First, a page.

SILVER: "Finding Gossamyr: Volume One" by artist Sarah Ellerton and writer David Rodriguez (Th3rd World Studios)
"An Anzac Tale" by author Ruth Starke and illustrator Greg Holfeld (Working Title Press)
"Grubby Little Smudges of Filth" by Daniel Reed (SLG Publishing)
"Mr Unpronounceable Adventures" by Tim Molloy (Milk Shadow Books)
John Dixon and Ben Hutchings
At today's date, I have included links to each of these books: simply click on the title, and a new window will take you to another web-site that will give you more details about these Award-Winning books, and in some instances how you can purchase them. As well as announcing the Award Winners at the State Library last Friday, the Ledger Committee and Sponsors surprised all who attended the function by offering a free special 28 page comic to commemorate the event. (The cover is shown above.) Comicoz has two copies to give away FREE to readers of this posting. To win, simply be the FIRST and SECOND person to leave a Comment about this posting telling me which of the Award-Winning books you like and why...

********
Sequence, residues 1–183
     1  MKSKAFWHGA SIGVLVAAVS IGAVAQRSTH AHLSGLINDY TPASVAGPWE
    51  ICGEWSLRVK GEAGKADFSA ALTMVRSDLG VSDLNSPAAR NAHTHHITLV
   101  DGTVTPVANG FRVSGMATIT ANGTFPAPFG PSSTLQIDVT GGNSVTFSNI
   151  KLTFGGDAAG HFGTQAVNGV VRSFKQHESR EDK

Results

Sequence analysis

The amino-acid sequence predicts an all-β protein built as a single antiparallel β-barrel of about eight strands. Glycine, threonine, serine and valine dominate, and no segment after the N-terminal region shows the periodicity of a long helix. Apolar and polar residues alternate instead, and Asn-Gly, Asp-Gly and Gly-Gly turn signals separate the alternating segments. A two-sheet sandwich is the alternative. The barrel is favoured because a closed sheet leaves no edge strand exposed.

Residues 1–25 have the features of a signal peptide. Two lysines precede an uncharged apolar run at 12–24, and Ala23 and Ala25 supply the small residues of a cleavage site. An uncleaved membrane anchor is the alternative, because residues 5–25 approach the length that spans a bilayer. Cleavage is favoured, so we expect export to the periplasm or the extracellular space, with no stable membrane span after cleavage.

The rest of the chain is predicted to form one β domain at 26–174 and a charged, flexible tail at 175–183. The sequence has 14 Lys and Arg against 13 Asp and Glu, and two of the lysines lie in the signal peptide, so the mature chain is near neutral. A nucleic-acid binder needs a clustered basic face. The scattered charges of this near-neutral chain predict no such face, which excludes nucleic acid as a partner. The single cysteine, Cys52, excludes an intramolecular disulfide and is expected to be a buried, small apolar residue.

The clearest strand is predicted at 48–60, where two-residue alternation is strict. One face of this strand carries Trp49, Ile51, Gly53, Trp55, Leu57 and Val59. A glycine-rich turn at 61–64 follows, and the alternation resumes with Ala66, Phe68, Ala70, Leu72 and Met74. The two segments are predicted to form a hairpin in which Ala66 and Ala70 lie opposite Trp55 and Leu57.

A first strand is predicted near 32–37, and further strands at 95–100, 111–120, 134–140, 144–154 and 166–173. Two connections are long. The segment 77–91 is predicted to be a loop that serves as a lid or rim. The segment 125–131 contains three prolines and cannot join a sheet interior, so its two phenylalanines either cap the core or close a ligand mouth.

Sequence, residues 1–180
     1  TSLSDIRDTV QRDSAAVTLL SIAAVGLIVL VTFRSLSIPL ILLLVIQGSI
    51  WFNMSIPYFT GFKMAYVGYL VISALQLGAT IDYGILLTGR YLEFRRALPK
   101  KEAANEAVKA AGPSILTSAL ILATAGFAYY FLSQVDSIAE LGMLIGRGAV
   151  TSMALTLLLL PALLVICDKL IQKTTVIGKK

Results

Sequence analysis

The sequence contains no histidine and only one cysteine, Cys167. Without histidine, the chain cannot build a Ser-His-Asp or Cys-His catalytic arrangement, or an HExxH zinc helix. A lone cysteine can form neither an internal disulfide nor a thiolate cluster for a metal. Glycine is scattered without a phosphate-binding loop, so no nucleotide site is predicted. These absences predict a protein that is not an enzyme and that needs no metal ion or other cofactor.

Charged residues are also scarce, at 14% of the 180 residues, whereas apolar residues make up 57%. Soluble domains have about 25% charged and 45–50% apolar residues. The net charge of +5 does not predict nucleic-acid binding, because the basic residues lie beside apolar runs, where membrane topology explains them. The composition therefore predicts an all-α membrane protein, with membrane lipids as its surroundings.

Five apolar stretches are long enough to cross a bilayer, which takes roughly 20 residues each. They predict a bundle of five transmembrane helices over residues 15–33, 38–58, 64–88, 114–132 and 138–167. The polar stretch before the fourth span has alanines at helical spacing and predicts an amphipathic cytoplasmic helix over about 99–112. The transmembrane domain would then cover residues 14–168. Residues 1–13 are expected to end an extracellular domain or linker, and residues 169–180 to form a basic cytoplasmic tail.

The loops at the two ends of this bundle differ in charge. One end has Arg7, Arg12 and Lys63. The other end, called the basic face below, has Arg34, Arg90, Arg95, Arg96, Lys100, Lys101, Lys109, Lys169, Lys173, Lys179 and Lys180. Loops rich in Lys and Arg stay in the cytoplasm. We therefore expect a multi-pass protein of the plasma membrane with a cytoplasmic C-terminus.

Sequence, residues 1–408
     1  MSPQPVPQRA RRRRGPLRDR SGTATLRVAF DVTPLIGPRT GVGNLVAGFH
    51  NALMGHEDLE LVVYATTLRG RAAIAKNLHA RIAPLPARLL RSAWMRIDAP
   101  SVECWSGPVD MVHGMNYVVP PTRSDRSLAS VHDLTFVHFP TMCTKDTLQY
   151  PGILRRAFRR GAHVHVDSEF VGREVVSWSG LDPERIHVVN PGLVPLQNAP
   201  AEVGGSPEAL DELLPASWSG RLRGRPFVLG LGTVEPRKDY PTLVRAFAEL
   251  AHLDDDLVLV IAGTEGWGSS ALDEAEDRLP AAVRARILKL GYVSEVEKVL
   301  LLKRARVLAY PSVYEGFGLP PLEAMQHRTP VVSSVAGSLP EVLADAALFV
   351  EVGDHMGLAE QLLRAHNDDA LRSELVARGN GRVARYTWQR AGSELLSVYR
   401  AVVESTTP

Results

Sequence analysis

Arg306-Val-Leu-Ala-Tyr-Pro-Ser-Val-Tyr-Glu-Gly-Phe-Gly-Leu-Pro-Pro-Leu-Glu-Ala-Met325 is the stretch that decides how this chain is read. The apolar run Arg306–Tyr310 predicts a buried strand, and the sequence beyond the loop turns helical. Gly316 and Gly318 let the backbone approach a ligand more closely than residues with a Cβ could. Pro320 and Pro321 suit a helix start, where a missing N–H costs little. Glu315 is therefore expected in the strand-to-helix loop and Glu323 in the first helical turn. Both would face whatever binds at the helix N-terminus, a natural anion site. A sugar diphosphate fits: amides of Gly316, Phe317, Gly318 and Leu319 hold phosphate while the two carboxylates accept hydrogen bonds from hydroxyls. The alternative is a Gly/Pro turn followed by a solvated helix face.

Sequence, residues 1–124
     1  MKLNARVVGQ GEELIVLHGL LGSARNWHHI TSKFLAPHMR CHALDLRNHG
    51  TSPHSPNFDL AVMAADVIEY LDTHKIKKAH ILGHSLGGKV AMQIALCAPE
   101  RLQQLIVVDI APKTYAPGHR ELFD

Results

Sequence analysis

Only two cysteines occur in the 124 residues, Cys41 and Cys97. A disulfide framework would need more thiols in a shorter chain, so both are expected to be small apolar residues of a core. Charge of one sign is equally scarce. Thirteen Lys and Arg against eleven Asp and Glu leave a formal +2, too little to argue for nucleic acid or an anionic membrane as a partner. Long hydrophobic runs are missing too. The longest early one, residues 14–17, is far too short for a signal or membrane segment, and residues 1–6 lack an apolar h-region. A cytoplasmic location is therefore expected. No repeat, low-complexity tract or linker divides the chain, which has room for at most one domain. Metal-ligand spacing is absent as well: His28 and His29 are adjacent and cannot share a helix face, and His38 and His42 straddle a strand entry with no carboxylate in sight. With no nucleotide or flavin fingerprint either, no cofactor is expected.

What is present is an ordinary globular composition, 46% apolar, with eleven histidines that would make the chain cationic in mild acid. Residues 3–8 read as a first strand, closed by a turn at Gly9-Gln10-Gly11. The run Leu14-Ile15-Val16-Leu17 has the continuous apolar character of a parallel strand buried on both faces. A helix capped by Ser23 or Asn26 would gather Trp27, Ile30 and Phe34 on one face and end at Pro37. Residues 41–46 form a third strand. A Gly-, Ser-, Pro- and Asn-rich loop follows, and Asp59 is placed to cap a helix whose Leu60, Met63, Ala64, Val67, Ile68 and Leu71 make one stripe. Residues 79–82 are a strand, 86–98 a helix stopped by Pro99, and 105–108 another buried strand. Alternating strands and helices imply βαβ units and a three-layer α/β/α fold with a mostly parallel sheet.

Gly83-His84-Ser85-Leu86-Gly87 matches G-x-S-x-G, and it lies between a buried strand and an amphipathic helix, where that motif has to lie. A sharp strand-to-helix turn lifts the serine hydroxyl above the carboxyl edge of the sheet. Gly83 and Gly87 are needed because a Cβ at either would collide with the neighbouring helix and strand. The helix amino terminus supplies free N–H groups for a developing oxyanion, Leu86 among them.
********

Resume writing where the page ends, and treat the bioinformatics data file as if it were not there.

Comicoz Publisher Nat Karmichael accepting the 2014 Platinum Ledger Award on behalf of John Dixon, for "Lifetime Achievement in Australian Comics".
Many Thanks to Sebastian Mittelman for supplying these photographs.
I would like to acknowledge the traditional custodians of this land that we gather in this evening. I would also like to pay respect to all elders past and present and extend that respect to other indigenous people present.
Members of the Ledger Awards Organising Committee, Major Sponsor Supanova Pop Culture Expo, Other Sponsors, Invited Guests, Ladies and Gentlemen...I thank you for allowing me to say a few words as I accept this Award on behalf of John Dixon.
In the 1930s reading comics was one of the limited entertainment options available to the Australian public. In the 1940s, following the bombing of Pearl Harbour, the Australian Government banned the importation of foreign (mostly US) comics into this country, allowing a local industry to develop and flourish.
Such was the Australian public's appetite for this medium, that circulations of up to 70,000 copies for a single locally produced comic were not uncommon. John Dixon, then a young man still under the age of 20 years old, entered into what is now considered the Golden Age of Australian comics.